If you have severe damage to bone marrow, you may also receive transfusions of red blood cells or blood platelets.
    Treatment for internal contamination
    Some treatments may reduce damage to internal organs caused by radioactive particles. Medical personnel would use these treatments only if you've been exposed to a specific type of radiation. These treatments include the following:
    • Potassium iodide. This is a nonradioactive form of iodine. Because iodine is essential for proper thyroid function, the thyroid becomes a "destination" for iodine in the body. If you have internal contamination with radioactive iodine (radioiodine), your thyroid will absorb radioiodine just as it would other forms of iodine. Treatment with potassium iodide may fill "vacancies" in the thyroid and prevent absorption of radioiodine. The radioiodine is eventually cleared from the body in urine.
    • Prussian blue. This type of dye binds to particles of radioactive elements known as cesium and thallium. The radioactive particles are then excreted in feces. This treatment speeds up the elimination of the radioactive particles and reduces the amount of radiation cells may absorb.
    • Diethylenetriamine pentaacetic acid (DTPA). This substance binds to metals. DTPA binds to particles of the radioactive elements plutonium, americium and curium. The radioactive particles pass out of the body in urine, thereby reducing the amount of radiation absorbed.
    Supportive treatment
    If you have radiation sickness, you may receive additional medications or interventions to treat:
    • Bacterial infections
    • Headache
    • Fever
    • Diarrhea
    • Nausea and vomiting
    • Dehydration
    End-of-life care
    A person who has absorbed large doses of radiation (6 Gy or greater) has little chance of recovery. Depending on the severity of illness, death can occur within two days or two weeks. People with a lethal radiation dose will receive medications to control pain, nausea, vomiting and diarrhea. They may also benefit from psychological or pastoral care.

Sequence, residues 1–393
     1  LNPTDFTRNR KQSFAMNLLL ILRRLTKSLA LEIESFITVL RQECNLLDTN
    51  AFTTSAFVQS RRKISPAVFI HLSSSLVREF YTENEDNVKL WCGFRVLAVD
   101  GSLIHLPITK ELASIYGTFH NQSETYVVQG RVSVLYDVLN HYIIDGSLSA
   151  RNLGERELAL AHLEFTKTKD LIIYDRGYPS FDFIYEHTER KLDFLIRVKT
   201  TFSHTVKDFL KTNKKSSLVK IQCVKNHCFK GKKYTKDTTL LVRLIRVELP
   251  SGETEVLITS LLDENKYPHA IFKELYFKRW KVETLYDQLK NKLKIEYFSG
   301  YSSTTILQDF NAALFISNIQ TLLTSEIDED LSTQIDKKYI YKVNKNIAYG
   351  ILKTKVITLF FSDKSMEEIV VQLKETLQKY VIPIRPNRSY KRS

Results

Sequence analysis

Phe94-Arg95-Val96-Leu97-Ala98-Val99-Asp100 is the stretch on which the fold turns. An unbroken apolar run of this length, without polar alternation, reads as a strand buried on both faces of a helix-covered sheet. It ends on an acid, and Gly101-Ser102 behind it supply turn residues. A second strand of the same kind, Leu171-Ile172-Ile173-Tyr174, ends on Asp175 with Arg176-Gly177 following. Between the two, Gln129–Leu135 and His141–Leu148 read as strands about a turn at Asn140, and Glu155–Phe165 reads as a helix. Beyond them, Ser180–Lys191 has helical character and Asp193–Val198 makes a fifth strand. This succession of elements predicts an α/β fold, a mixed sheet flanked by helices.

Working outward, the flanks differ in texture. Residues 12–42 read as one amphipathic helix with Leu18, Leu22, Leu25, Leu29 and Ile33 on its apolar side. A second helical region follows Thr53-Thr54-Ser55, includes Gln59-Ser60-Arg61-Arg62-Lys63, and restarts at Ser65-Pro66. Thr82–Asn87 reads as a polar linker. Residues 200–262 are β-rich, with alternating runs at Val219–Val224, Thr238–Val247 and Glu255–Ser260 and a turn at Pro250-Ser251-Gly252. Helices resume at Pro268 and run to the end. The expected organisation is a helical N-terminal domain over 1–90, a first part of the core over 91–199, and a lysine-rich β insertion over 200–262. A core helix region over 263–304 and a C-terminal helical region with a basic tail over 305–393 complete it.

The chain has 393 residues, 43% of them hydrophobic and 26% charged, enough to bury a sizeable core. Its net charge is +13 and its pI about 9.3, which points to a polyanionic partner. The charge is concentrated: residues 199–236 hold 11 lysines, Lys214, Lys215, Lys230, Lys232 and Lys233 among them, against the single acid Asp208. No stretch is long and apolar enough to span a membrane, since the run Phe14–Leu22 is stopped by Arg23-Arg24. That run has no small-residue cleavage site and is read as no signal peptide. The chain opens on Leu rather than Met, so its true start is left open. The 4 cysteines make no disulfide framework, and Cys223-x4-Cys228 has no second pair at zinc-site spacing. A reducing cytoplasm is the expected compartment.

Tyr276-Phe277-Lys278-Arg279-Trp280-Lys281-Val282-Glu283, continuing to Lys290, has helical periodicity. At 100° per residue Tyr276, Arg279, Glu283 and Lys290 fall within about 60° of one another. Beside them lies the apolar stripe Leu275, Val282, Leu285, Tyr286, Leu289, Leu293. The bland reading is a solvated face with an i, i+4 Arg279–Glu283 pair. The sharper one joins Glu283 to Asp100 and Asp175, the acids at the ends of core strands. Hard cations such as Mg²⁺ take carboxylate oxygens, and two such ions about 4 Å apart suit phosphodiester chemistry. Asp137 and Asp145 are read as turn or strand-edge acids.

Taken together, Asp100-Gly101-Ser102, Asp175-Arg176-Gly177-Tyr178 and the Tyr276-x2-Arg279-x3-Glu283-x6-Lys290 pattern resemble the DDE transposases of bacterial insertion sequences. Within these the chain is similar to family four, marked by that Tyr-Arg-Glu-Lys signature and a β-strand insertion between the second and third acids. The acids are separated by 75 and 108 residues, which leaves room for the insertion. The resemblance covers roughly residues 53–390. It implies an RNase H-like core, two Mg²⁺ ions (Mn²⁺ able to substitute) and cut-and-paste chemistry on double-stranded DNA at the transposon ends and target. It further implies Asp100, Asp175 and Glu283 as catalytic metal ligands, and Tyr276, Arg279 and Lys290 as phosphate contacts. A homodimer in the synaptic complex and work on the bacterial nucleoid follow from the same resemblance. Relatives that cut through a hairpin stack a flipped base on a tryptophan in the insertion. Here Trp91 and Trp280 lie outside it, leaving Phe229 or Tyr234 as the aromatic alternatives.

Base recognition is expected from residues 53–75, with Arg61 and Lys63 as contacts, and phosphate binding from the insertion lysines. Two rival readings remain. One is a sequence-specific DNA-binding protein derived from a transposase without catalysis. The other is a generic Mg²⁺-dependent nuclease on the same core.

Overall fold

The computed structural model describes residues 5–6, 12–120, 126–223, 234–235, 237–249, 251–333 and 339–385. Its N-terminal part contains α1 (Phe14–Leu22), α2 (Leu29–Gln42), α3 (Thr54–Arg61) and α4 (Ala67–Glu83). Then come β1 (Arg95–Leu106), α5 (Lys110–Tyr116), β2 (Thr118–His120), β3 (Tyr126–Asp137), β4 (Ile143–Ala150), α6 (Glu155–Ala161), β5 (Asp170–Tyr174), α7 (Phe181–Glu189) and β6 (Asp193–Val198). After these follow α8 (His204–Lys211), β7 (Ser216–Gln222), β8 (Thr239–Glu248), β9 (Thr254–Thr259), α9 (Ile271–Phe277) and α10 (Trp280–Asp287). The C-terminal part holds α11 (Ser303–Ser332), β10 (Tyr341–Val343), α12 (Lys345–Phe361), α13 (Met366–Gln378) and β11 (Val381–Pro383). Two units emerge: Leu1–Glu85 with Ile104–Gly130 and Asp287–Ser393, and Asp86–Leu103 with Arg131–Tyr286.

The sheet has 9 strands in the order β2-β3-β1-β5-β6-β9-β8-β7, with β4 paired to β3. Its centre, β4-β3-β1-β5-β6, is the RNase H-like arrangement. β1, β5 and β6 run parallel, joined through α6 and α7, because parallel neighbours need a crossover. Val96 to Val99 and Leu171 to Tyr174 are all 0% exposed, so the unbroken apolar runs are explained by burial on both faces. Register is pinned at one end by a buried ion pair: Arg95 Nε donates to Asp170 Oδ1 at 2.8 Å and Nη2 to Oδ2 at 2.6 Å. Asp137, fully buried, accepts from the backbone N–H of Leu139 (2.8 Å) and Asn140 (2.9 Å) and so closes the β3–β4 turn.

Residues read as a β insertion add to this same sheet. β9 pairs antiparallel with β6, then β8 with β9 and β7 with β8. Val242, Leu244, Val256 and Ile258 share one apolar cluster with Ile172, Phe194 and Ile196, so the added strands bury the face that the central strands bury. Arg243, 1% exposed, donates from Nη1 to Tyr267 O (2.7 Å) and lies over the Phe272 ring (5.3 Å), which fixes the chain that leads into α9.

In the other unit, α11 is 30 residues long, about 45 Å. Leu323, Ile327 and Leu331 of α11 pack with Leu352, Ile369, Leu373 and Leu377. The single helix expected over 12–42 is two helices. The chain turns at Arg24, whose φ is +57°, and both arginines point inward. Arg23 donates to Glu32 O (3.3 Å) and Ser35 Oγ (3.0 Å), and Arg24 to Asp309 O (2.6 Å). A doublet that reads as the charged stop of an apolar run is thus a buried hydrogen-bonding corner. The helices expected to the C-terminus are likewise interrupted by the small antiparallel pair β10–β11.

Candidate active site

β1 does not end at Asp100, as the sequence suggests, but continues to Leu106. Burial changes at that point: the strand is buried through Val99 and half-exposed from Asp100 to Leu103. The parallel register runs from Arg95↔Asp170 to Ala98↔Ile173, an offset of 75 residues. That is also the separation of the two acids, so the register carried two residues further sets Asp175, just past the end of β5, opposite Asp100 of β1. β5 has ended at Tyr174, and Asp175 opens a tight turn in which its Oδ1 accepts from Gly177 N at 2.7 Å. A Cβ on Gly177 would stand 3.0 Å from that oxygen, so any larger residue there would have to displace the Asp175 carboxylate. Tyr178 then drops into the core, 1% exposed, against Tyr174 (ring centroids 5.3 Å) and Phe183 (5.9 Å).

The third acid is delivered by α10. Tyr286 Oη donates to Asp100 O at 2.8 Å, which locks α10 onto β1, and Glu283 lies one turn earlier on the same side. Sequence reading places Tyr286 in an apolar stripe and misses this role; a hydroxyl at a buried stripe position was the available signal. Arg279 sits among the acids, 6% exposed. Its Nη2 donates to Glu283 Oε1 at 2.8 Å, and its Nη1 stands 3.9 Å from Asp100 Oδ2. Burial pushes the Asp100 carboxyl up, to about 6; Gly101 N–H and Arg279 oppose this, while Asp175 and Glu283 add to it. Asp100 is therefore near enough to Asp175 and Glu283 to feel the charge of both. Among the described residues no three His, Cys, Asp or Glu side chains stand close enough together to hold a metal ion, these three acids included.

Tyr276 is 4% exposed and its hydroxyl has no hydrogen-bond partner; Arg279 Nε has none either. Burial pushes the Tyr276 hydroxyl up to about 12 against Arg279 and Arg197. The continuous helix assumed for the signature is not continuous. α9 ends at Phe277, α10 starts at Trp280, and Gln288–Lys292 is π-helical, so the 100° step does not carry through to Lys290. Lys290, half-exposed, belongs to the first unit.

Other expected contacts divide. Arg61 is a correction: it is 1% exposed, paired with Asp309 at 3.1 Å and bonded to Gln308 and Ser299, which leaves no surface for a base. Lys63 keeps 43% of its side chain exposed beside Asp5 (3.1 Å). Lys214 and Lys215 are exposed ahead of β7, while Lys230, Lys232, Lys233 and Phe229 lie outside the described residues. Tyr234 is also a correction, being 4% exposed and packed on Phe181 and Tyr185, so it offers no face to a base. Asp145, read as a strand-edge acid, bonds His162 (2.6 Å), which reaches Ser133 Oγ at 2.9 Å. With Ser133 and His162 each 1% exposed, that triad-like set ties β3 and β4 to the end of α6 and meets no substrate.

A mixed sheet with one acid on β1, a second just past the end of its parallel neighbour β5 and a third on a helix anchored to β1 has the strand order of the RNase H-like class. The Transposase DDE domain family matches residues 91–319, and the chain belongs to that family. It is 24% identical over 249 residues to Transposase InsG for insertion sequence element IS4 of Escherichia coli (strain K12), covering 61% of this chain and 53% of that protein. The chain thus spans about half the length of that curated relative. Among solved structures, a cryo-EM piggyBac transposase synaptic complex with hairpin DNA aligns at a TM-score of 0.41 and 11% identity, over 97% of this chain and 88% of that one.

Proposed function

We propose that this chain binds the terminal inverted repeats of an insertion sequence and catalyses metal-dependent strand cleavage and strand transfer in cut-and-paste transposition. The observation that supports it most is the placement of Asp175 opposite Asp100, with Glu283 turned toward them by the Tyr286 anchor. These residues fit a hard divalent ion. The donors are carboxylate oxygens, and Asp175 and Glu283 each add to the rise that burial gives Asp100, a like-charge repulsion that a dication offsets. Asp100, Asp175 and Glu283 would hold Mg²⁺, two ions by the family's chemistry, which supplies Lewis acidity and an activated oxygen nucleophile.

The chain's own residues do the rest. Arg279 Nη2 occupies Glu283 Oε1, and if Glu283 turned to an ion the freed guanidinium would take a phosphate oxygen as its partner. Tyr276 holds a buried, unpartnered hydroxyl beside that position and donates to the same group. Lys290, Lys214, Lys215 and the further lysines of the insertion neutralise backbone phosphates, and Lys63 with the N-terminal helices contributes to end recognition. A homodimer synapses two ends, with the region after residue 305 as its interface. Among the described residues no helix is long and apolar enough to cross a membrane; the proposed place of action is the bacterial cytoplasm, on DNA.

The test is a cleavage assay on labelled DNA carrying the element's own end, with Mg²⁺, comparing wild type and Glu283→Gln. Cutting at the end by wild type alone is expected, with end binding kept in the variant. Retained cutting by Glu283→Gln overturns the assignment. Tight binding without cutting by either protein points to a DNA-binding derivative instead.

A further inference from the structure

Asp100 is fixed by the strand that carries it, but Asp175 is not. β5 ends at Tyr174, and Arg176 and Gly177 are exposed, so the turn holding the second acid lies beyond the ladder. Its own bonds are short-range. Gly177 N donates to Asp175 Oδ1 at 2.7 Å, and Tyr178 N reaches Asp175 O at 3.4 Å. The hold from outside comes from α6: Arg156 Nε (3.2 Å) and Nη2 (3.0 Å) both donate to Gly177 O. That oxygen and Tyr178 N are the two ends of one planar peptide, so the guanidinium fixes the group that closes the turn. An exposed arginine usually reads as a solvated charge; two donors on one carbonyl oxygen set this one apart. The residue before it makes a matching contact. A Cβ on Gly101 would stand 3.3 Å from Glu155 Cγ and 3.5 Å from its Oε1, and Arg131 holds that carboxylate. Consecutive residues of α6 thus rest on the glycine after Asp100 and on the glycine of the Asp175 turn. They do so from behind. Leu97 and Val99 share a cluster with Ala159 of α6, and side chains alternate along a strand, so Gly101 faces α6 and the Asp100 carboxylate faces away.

Please do not ask me for medical advice, I am not a medical doctor.

    Avatar is a painting by Alan Pollack, titled, "Plague". I'm sure it was an accident that the plague girl happened to look almost like my twin.
    Thank you,
    Shannon Bennett

    Comment


    • #3
      Re: Recognizing and treating radiation sickness

      http://www.mayoclinic.com/health/rad...CTION=symptoms

      Symptoms

      By Mayo Clinic staff
      The severity of signs and symptoms of radiation sickness depends on how much radiation you've absorbed. How much you absorb depends on the strength of the radiated energy and the distance between you and the source of radiation.
      Absorbed dose and duration of exposure
      The absorbed dose of radiation is measured in a unit called a gray (Gy). Diagnostic tests that use radiation, such as an X-ray, result in a small dose of radiation — typically well below 0.1 Gy, focused on a few organs or small amount of tissue.
      Signs and symptoms of radiation sickness usually appear when the entire body receives an absorbed dose of at least 1 Gy. Doses greater than 6 Gy to the whole body are generally not treatable and usually lead to death within two days to two weeks, depending on the dose and duration of the exposure.
      Initial signs and symptoms
      The initial signs and symptoms of treatable radiation sickness are usually nausea and vomiting. The amount of time between exposure and when these symptoms develop is an indicator of how much radiation a person has absorbed.
      After the first round of signs and symptoms, a person with radiation sickness may have a brief period with no apparent illness, followed by the onset of new, more serious symptoms.
      In general, the greater your radiation exposure, the more rapid and more severe your symptoms will be.